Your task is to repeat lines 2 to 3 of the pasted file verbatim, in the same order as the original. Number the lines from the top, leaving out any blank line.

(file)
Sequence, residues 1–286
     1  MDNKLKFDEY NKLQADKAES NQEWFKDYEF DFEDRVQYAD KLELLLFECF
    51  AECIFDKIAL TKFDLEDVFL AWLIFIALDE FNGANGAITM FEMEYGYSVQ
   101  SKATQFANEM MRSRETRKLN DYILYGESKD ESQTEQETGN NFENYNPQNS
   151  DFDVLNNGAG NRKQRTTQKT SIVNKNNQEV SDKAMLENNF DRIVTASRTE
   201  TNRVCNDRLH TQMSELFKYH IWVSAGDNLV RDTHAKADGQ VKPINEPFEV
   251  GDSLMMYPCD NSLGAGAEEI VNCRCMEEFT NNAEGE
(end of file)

     1  MDNKLKFDEY NKLQADKAES NQEWFKDYEF DFEDRVQYAD KLELLLFECF
    51  AECIFDKIAL TKFDLEDVFL AWLIFIALDE FNGANGAITM FEMEYGYSVQ